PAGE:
ABS data indicate that in 2015–16 there were 40 farms in the Australian Capital Territory with an estimated value of agricultural operations of $40,000 or more. The territory contains less than 1 per cent of all farm businesses in Australia.

Number of farms, by industry classification, Australian Capital Territory, 2015–16
Industry classificationAustralian Capital TerritoryAustralia
Number of farms% of RegionNumber of farmsContribution of region to state total %
Beef Cattle Farming (Specialised) 14 35.1 22,608 0.1
Horse Farming 8 20.2 1,887 0.4
Sheep-Beef Cattle Farming 8 19.1 5,069 0.1
Sheep Farming (Specialised) 6 15.5 9,632 0.1
Nursery Production (Outdoors) 2 5.0 614 0.3
Other2 5.0 44,705 0.0
Total agriculture 40 100 84,515 0.0

Note: Estimated value of agricultural operations $40,000 or more. Industries that constitute less than 1 per cent of the region's industry are not shown.
Source: Australian Bureau of Statistics 2017

Farms in the table above are classified according to the activities that generate most of their value of production. Beef cattle farms (14 farms) were the most common, accounting for 35 per cent of all farms in the Australian Capital Territory, and less than 1 per cent of all beef cattle farms in Australia.

Estimated value of agricultural operations (EVAO) is a measure of the value of production from farms and a measure of their business size. Around 54 per cent of farms in the Australian Capital Territory region had an EVAO between $50,000 and $150,000. These farms accounted for 18 per cent of the total value of agricultural operations in 2015–16. In comparison, 15 per cent of farms in the territory had an EVAO of more than $500,000 and accounted for an estimated 53 per cent of the total value of agricultural operations in the Australian Capital Territory in 2015–16.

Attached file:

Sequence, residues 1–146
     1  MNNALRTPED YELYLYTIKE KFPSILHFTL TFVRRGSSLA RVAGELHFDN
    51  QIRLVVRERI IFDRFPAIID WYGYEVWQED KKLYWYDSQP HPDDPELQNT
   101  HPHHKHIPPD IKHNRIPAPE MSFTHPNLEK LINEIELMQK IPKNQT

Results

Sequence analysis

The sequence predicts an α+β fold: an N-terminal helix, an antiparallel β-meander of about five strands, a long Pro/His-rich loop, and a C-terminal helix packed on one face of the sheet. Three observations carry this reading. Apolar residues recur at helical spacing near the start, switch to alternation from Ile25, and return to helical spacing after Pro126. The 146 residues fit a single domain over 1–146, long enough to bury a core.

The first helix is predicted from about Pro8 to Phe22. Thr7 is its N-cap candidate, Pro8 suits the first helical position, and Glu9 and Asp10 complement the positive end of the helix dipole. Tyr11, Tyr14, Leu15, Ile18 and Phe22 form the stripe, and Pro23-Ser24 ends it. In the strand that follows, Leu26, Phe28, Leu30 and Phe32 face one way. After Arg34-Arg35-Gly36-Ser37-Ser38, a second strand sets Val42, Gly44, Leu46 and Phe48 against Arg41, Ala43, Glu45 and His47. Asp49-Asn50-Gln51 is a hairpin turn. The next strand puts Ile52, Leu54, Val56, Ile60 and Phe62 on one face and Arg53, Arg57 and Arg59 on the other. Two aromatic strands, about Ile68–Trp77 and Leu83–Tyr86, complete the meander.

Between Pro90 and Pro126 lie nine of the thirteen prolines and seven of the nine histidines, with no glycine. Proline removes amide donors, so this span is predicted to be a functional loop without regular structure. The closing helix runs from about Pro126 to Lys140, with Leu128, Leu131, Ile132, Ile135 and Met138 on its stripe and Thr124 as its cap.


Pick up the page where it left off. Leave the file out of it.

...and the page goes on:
Distribution of farms by estimated value of agricultural operations, Australian Capital Territory, 2015–16
Shows share of farms and share of value of agricultural operations in the Australian Capital Territory. The figure is discussed in the previous paragraph.
Note: Only farms with EVAO of $50,000 or more in 2015–16 are included in these data. The scope of ABS Rural Environment and Agricultural Collections changed in 2015–16 to include only agricultural businesses with an EVAO of $40,000 or greater.
Source: Australian Bureau of Statistics 2017

Forestry sector

In 2015–16, the total plantation area in the Australian Capital Territory was 7,400 hectares, comprised solely of softwood plantations. The main species planted is radiata pine (Pinus radiata).

In 2011, the most recent year for which data are available, there were 128,400 hectares of native forests in the Australian Capital Territory region, comprised mainly of Eucalypt medium open (86,500 hectares) and Eucalypt medium woodland (29,700 hectares) forest types. There were 114,900 hectares of the native forests in nature conservation reserves and 8,900 hectares were leasehold.

From 2010–11 log harvest volumes and values for the Australian Capital Territory are included in the New South Wales state figures.
Sales and service income for the Australian Capital Territory forest and wood product industry was not reported in 2015–16.

In 2016, the Australian Capital Territory forestry sector employed 384 workers (0.2 per cent of the total employed workforce in the Australian Capital Territory) compared with 502 (0.3 per cent) in 2011. The number of people employed includes the following categories: forestry, logging, support services, timber wholesaling; and wood, pulp, paper and converted paper product manufacturing.

Area of native forest, by tenure, Australian Capital Territory
Shows the area of native forest, by tenure in the region in thousand hectares. This figure is discussed in the above paragraph.
Source: Australia's State of the Forests Report 2013

References

ABS 2017, Population by Age and Sex, Regions of Australia, 2016, cat. no. 3235.0 Australian Bureau of Statistics, Canberra, accessed 19 September 2017. ​​​​​​

Last reviewed:
28 Jun 2018